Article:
Another aspect of the invention relates to golf equipment, preferably golf balls, or a portion thereof, prepared by any of the processes detailed herein. For example, the invention includes golf equipment, or a portion thereof, including: a first reactable component comprising an isocyanate-containing compound; and a second reactable component comprising at least one of a polyol, polyamine, or epoxy-containing compound, wherein the golf equipment, or portion thereof, is formed by reaction injection molding of the first and second reactable components, which react with each other after contact sufficiently to be substantially gelled or solidified within about 60 seconds, and wherein the isocyanate-containing compound contains: a diisocyanate having the generic structure, O═C═N—R—N═C═O, where R is a moiety containing from about 1 to 20 carbon atoms, optionally including one or more substituted or unsubstituted phenyl or cyclic groups; a dimeric or multimeric adduct of a diisocyanate; a triisocyanate or higher functional polyisocyanate that is not an adduct of a diisocyanate; or a mixture thereof.

BRIEF DESCRIPTION OF THE DRAWINGS

Further features and advantages of the invention can be ascertained from the following detailed description that is provided in connection with the drawings described below:

FIG. 1 illustrates a golf ball including a center and a cover layer disposed over the center, in which at least one of the center or the cover layer includes a reaction injection molded material according to the invention;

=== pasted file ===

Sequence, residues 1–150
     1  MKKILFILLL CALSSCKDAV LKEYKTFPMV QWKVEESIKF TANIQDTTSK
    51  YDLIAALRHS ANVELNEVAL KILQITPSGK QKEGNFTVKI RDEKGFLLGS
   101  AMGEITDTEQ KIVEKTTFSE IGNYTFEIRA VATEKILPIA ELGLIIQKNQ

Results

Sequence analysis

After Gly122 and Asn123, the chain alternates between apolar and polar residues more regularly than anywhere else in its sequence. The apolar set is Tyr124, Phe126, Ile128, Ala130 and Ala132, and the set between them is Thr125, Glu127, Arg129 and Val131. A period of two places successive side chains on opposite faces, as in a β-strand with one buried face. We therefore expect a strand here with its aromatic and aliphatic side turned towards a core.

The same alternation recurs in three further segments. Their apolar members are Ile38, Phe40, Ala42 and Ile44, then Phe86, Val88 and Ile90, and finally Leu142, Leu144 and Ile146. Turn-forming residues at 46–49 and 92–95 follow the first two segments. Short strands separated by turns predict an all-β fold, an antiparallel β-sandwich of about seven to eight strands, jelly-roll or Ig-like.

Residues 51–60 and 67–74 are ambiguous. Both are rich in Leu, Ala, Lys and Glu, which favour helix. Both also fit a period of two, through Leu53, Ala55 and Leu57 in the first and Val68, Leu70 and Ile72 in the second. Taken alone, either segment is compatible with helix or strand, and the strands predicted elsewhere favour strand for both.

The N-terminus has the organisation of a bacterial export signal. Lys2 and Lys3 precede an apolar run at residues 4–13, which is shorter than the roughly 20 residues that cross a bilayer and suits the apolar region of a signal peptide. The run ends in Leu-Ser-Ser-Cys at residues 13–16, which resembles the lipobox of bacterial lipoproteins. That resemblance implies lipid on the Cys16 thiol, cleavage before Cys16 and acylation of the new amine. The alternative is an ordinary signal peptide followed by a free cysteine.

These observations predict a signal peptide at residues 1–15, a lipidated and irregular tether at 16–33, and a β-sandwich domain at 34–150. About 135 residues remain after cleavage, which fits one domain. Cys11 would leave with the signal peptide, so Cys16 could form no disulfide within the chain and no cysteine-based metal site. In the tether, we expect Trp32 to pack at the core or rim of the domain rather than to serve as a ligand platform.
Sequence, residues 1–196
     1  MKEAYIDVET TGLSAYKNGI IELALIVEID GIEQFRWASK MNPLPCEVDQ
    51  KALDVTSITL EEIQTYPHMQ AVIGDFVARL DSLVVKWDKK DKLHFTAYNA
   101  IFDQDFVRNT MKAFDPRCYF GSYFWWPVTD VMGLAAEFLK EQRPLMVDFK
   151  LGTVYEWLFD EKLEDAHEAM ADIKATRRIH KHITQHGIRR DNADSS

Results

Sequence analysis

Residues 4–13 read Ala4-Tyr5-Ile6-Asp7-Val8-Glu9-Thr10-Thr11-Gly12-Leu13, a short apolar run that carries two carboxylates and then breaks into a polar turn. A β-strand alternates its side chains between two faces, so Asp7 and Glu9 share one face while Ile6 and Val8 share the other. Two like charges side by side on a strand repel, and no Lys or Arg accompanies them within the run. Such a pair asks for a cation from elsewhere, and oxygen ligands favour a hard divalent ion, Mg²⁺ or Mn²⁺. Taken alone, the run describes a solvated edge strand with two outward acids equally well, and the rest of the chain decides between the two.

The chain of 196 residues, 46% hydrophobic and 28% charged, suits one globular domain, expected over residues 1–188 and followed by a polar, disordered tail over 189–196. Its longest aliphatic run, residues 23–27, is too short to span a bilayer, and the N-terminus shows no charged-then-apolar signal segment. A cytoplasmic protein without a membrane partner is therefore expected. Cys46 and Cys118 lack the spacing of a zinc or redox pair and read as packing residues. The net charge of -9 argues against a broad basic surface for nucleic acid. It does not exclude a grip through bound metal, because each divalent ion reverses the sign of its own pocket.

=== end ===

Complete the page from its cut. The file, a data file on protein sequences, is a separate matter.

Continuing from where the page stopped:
FIG. 2 illustrates a three-layer golf ball, in which at least one layer of the golf ball includes a reaction injection molded material according to the invention;

FIG. 3 illustrates a multi-layer golf ball, in which at least one layer of the golf ball includes a reaction injection molded material according to the invention; and

FIG. 4 illustrates a hemispherical grid scaffolding useful in forming a portion of an intermediate layer of a golf ball according to the invention.

These FIGS. are not necessarily drawn to scale.

DEFINITIONS

As used herein, the term “golf equipment” includes any type of equipment used in connection with golf, including, but not limited to, golf balls; golf clubs (e.g., putters, drivers, and wedges) and club attachments, additions, or modifications, such as striking face inserts; golf club components (e.g., shafts, hosels, and grips); golf club vibration damping devices; golf gloves; golf shoes; and any portion of the above items.

As used herein, the phrase “substantial gelation or solidification” refers generally to viscosity increases sufficient to prevent or substantially retard flow of a material into a mold or cavity or through an orifice.

The term “catalyst,” as used herein, should be understood by one of ordinary skill in the art to include only those compounds which facilitate, or increase the rate of, a particular reaction and which are not substantially consumed by themselves reacting with one or more of the necessary components of the particular reaction. For example, any compound containing an accessible and reactive amine, epoxy, or hydroxyl group that should readily react with an isocyanate group should be considered a reactable component (e.g., a curing agent) and not a catalyst.

As used herein, the term “fluid” includes a liquid, a paste, a gel, a gas, or any combination thereof. It should be understood that the term “fluid-filled,” as used herein in reference to golf equipment or to a portion thereof, also includes the situation where the golf equipment, or the portion thereof, is hollow.